At 11/21/2011 8:09 PM, Blogger Buddy R Pacifico said...

"Buddy-

Your answer seems to suggest that shale gas wells will not be shut down until the price is under $1 mcf. In other words, the marginal cost of production is south of $1 mcf."


Benji, I have no idea at what cost they would shut down. It looks like they really would want to get at least $3.14 msfe for their production -- see my comment above.

 
At 11/21/2011 9:01 PM, Blogger VangelV said...

VangelV continues to challenge Prof. Perry that nat gas needs to stay north of $7.50 msfe, for producers to stay in business.

That is not what I said. I said that in a typical shale formation the shale industry needs $7.50 gas to break even. There are clearly a few companies that drill in the sweet spots of the best formations. They can do fine until they have to maintain their production levels and find themselves in a position where the negative cash flows and capital consumption that take place when the lower quality reserves are being developed begin to matter.

Range Resources is the bigest natural gas producer in the U.S.

Is it? I don't think that it is close to being the largest producer.

From page 7 of Range Resouces 2010 Annual Report:

"With our recently announced agreement to sell our Barnett properties, this brings our total divestiture proceeds since 2004 to approximately $1.8 billion....


Why isn't this a big red flag for you? After all, the conference calls I was listening to two or three years ago were hyping up the Barnett properties as valuable core areas that would bring Range production at a low cost. Once reality sank in the company abandoned that area and began to hype up its next great play.

Most of this capital has been directed toward the Marcellus Shale play, which is a low-cost and high rate-of-return project. As a result of focusing on this high-quality
asset, we have sharply driven down our costs. Over the past two years our all-in finding and development costs decreased 77% to $0.71 per mcfe, while our lease operating
expense declined 27% to $0.72 per mcfe and our DD&A rate fell 5% to $2.01 per mcfe."


All these numbers depend on the estimated ultimate recovery from the wells. From what I can tell Range is estimating 4 bcfe of gas and around 300K of NGLs and oil. But even though it has hedeged its production at more than $5 mcf it is still chewing through cash and depends on more than 20 different banks for loans. It is not even projecting to be cash flow neutral until around 2014 but by that time the EUR assumptions may no longer be possible as the actual production data shows a very different lifetime production figure than the one being sold to naive investors.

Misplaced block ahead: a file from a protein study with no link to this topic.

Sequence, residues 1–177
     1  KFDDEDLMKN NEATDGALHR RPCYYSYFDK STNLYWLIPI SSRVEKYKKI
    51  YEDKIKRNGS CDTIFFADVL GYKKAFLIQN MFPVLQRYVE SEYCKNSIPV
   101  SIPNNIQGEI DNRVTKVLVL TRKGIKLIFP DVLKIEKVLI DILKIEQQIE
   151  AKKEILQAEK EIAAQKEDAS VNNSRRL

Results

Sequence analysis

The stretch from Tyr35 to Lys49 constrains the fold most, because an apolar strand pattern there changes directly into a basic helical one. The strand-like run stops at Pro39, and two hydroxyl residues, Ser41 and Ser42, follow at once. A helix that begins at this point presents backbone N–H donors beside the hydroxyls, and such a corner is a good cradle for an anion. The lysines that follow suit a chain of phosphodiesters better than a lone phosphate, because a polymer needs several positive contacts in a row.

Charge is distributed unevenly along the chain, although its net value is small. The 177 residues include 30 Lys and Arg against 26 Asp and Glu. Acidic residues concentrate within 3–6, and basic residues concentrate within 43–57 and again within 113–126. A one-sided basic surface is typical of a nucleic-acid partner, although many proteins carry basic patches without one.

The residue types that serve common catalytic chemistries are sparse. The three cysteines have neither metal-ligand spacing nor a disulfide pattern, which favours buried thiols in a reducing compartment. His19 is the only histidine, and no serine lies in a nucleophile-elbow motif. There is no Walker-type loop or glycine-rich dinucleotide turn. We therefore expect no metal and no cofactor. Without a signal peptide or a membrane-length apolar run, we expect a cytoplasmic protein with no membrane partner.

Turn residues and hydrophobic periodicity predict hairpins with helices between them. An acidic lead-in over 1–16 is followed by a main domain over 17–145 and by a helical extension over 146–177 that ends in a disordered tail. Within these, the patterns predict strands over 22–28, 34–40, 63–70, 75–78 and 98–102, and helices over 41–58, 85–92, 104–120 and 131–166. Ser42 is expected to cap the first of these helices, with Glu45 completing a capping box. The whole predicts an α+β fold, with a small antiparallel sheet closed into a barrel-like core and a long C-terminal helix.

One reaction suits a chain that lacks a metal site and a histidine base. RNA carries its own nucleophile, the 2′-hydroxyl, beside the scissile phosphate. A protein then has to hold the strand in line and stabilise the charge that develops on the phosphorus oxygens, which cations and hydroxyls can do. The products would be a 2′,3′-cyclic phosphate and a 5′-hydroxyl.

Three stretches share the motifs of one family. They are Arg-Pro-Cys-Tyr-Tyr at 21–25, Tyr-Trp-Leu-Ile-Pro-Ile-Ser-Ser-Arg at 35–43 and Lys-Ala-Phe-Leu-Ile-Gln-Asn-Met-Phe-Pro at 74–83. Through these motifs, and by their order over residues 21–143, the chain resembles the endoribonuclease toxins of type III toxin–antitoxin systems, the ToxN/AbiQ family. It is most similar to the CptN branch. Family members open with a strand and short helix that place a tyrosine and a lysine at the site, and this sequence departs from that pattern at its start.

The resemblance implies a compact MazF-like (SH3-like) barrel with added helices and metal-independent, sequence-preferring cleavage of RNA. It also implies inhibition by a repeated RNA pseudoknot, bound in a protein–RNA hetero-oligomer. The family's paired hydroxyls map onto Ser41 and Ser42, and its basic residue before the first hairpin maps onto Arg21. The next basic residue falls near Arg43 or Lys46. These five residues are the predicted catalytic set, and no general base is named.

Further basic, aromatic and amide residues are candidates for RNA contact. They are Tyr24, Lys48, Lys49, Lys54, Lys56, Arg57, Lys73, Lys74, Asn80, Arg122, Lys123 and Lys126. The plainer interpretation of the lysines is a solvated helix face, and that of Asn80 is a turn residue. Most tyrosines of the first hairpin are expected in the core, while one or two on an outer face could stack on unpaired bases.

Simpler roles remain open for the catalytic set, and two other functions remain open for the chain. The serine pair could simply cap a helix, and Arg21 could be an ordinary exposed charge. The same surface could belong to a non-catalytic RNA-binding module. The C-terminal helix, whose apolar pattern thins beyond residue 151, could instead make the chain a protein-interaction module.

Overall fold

So, Range's exploration and development costs are $.71. Their operating costs are $.72 and their depreciation, depletion and amoritazation costs are $2.01.

If you have invested in this sector you will know that everything depends on the assumptions made. It is easy to have low finding costs if you assume that you have found far more economically viable gas than you actually did. That is why you have to pay attention to statements like, "Although we believe these estimates are reasonable, actual production, revenues and costs to develop will likely vary from estimates and these variances could be material."

Keep in mind that the US does not have an equivalent of Canada's NI 43-101. Shale companies can claim all kinds of things just by guessing. This brings me to another prediction. After the shale gas boom implodes investors who lost their shirts buying into the hype, and you will all know who you are, will whine and argue that more regulation is necessary because without that regulation it was impossible to see the obvious points that I just outlined to you above.

 
At 11/21/2011 9:03 PM, Blogger VangelV said...

Why would Range go all in with its own capital from the Texas properties if, it did not absolutely beleive in the pay-off from the Marcellus?

Because if it throws up its hands and admits that shale gas production is not economic you will see $11 billion of market cap go away in a hurry. It is all about money, just as it always has been.

 
At 11/21/2011 9:07 PM, Blogger VangelV said...

Shell's Pearl GTL Plant in Qatar is set to earn $6 billion a year in profit (with oil at $70 a barrel)! The plant cost $8 billion to build and will be paid off in under 2 years -- as long as oil stays above $70 a barrel.

Do you think oil will stay above $70 a barrel the next 2 years? It just might.


Shell has not bet the farm on shale gas production. It went where the cheap reserves were and it made a bet on being able to deal with the political and security risks.

 
At 11/21/2011 9:09 PM, Blogger VangelV said...

Imagine the profit of such a plant with oil at $150 a barrel or $300? Can you say "price ceiling?"

The natural gas to oil price spread will certainly narrow. But it is unlikely to close to the point of making GTL unprofitable.


Qatar's gas reserves are stranded. They have no market other than the GTL process at this time or anywhere in the near future. Shell should certianly turn its reserves into real cash and profit a lot easier than any of the shale players.

 
At 11/21/2011 10:12 PM, Blogger Richard said...

"Nobody saw it coming"

That's maybe the best lesson of it all.

 
At 11/22/2011 2:50 PM, Blogger VangelV said...

"Nobody saw it coming"

That's maybe the best lesson of it all.


How ironic? Was it meant that way?

 
At 11/22/2011 5:29 PM, Blogger Bob said...

Regarding the price of oil, keep in mind that the "ownership" of most in-ground oil is at the nation level. When a country owns the oil, rather than the producer/lessee, they can set the price anywhere they want, only keeping in mind the cartel of other countries trying to keep the price high.